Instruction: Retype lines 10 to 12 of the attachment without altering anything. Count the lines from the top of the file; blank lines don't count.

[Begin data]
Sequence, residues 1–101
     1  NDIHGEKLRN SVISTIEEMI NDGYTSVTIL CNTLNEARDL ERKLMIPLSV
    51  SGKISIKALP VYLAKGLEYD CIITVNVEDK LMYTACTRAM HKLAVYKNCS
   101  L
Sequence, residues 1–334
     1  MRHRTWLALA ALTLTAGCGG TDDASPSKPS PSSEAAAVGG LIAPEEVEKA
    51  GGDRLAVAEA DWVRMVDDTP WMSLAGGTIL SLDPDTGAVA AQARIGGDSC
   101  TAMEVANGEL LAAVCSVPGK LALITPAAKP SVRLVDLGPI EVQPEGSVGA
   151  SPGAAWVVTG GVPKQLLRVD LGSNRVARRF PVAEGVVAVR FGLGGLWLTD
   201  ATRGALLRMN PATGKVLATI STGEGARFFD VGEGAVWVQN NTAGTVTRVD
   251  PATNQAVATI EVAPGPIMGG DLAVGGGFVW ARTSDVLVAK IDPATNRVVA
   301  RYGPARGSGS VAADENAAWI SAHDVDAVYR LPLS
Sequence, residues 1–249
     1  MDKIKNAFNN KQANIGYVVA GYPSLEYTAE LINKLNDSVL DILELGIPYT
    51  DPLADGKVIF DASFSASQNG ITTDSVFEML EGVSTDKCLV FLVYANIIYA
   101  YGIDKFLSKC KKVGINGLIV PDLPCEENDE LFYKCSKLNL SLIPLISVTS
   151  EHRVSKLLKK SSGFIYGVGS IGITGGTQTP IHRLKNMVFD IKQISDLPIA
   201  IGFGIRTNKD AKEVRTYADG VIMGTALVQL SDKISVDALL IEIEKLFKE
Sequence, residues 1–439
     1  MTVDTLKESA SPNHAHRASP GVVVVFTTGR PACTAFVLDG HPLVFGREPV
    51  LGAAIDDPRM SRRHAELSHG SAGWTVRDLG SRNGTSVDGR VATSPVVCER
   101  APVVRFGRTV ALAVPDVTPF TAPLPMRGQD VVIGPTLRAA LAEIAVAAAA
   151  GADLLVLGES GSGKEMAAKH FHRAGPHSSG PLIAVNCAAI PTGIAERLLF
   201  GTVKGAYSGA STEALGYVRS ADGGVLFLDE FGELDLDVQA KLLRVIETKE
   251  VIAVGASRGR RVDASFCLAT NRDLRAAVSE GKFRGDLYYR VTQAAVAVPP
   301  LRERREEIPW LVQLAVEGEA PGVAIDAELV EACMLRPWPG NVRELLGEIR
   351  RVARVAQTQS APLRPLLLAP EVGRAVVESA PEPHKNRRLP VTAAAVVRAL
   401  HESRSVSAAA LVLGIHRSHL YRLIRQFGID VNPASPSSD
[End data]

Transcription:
   201  ATRGALLRMN PATGKVLATI STGEGARFFD VGEGAVWVQN NTAGTVTRVD
   251  PATNQAVATI EVAPGPIMGG DLAVGGGFVW ARTSDVLVAK IDPATNRVVA
   301  RYGPARGSGS VAADENAAWI SAHDVDAVYR LPLS